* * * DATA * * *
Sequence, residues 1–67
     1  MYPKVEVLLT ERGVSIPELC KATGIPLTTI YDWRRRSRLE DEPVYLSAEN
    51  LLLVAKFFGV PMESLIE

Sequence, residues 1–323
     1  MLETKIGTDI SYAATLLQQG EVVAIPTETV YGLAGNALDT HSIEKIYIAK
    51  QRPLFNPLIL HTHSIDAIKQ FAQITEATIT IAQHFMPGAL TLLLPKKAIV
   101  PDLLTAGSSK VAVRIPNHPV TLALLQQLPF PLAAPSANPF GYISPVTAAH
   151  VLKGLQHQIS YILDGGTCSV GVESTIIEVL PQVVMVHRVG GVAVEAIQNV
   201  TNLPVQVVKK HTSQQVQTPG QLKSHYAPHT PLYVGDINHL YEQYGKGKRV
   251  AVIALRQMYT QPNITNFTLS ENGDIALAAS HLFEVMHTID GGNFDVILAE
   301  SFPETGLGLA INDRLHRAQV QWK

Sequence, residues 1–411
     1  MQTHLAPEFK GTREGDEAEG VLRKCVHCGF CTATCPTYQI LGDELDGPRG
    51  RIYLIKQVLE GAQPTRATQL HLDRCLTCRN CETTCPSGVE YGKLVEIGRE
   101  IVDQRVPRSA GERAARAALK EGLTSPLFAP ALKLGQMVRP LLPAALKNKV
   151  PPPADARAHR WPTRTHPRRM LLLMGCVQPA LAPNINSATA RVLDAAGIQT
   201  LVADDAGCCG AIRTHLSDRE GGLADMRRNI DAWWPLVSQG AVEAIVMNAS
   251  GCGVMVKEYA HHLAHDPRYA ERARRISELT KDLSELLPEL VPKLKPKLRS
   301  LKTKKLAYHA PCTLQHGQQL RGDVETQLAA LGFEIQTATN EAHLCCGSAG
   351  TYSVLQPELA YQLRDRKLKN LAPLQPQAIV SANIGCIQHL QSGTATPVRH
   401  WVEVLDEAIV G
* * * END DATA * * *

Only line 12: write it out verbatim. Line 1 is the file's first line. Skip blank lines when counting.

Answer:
Sequence, residues 1–411